White Markings in the Welsh CorgiWhite Markings in the Pembroke Corgi
The current AKC-standard for the Pembroke Welsh Corgi states:
Color: The outer coat is to be of self-colors in red, sable, fawn, black and tan with or without white markings. White is acceptable on legs, chest, neck (either in part or as a collar), muzzle, underparts and as a narrow blaze on head.
Very Serious Faults: Whitelies - Body color white, with red or dark markings.
Colour: Self colours in Red, Sable, Fawn, Black and Tan, with or without white markings on legs, brisket and neck. Some white on head and foreface permissible.
In Part III of her article on The Inheritance of Coat Color in the Pembroke Welsh Corgi, published in the PWCCA Newsletter of June 1996, Patti Gustafson writes as follows:
A solid red dog would be a rarity today, if one exists at all, and the white markings of today extend well beyond "front, paws and nose" to include the entire chest, four entire legs, large full white collars, and wide white blazes on the face. Certainly there are many winning Corgis today who push even the limits of "acceptable" white as depicted in our 1975 "An Illustrated Study of the Pembroke Welsh Corgi Standard." So what is happening here? What are the factors leading to large amounts of white?
The S series of genes controls the presence and amount of white "flashing" in the dog. The dominant gene S produces a solid colored dog with no white. The self-colored Pems, such as those among the early English champions which Thelma Gray described, all carried at least one S gene. Hypostatic or recessive to the S gene is the si gene for Irish spotting. The si gene produces white in one or more of these specific locations: muzzle, forehead star or blaze, chest, belly, one or more feet and tail tip.
Fairly early breeders seemed to select for the more flashy "Irish spotting" white in the Pembroke. If a solid red dog was "S S" in genotype and was mated to a red and white dog, all puppies would be solid, but all would also carry the Irish spotting factor. If one of those puppies, who were genotypically "S si", was mated to a red and white ("si si"), then statistically half of the puppies produced from such a breeding should also be red and white. And, of course, two red and whites bred to each other would produce no solid offspring, just red and whites.
Thus it is easy to see how with very little effort we have arrived at the present day situation where it is questionable whether the S gene is still in the gene pool. The one major virtue and the one greatest problem with a trait which is homozygous recessive (expressed phenotypically only when the dog carries two of the same recessive genes, e.g. "si si" or "at at" (tricolor) is that it is very easy to lose the dominant gene of that series. Whether it's a problem or a virtue depends on the individual homozygous recessive trait involved.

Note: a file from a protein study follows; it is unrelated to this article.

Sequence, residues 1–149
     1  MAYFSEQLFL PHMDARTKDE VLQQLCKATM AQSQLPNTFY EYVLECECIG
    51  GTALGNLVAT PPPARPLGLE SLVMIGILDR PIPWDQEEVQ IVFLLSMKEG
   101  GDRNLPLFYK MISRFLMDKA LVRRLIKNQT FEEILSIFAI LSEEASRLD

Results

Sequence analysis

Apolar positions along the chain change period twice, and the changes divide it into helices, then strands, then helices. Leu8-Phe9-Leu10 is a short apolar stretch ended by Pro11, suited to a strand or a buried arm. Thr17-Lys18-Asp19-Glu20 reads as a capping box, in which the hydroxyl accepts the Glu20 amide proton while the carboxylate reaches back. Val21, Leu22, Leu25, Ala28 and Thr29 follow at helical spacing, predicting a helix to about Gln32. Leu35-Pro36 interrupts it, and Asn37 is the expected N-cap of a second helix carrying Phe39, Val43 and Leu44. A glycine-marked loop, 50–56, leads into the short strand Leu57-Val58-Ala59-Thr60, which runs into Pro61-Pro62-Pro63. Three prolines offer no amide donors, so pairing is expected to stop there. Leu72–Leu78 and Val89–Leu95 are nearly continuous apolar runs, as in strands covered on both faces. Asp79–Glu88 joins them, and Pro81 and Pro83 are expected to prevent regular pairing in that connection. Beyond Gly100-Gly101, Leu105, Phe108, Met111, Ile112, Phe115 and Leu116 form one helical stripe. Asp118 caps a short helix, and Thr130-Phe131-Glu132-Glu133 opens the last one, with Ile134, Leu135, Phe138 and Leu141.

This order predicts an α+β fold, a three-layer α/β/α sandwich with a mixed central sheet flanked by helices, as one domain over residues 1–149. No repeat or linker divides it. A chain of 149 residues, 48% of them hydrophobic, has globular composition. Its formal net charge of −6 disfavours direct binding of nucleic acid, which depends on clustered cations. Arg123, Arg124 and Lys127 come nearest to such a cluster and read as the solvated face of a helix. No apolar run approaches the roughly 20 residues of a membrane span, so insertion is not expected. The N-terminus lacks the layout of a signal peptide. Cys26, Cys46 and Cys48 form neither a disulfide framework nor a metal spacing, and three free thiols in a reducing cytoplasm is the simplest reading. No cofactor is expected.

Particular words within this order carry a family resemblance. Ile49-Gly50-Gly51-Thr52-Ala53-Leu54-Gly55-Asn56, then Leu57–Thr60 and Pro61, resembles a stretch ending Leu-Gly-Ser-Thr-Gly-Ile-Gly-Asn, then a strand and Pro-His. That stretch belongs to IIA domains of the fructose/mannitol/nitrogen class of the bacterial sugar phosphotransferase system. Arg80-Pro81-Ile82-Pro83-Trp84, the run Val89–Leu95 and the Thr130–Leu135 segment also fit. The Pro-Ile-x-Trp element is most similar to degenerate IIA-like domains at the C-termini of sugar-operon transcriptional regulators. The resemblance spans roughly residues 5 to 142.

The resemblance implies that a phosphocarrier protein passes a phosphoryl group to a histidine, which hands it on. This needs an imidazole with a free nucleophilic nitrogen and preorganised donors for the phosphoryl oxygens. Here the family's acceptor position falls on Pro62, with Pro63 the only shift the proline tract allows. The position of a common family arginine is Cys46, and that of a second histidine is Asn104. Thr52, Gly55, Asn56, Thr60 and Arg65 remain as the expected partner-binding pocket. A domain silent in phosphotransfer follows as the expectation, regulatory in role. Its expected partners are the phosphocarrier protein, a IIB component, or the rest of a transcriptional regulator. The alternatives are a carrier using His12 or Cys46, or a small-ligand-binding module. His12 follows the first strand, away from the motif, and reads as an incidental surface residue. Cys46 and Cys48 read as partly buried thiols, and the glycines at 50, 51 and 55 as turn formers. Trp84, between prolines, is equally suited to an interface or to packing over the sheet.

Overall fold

Hypostatic to or standing under the "si" Irish spotting gene is "sp" the piebald gene where the white is expressed to a much greater extent and may show up on any part of the body. It is the piebald gene that gives the Beagle its characteristic color pattern and also what most probably gives us the "whitely" in the Pembroke. It appears that either the incidence of whitelies in the breed is greatly decreased or we just are not as open as were breeders in the past. Although I have frequently heard of mismarks in Corgi litters, I have never heard of a litter in the last ten years that has contained a whitely. Both Thelma Gray and Pat Curties mention them as popping up occasionally and I have often wondered if the decreased incidence of whitelies now (if indeed it is a true decrease) is due to the fact that we have moved farther and farther away from that time when Pems and Cardigans were interbred. Cardigans do carry the sp gene, whereas Little says Pembrokes carry only the S and si genes.
The varying amounts of white in Pems with the si gene is due to the presence of modifiers. Plus-modifiers give the dog more pigment and less white, while minus-modifiers favor more white, less pigment. Thus those Corgis with just a little flash carry plus-modifiers to their si genes and those Corgis showing "lots of chrome" carry minus-modifiers to their si genes. The greater the plus-modifiers the plainer and closer to self-colored is the dog. The greater the minus-modifiers, the whiter and closer to piebald is the dog.
Little doesn't really detail how these modifiers work, but I've always thought of it as rather like mixing paint. If you breed a dog with plus-modifiers to a dog with minus-modifiers, you should get more white on the puppies than is on the first dog and less white than is on the second dog. Again, these are the statistical expectations; in any given litter you may find a puppy that is very much like Mom (plus-modifiers) with very little white and/or a puppy like Dad (minus-modifiers) sporting a lot of white.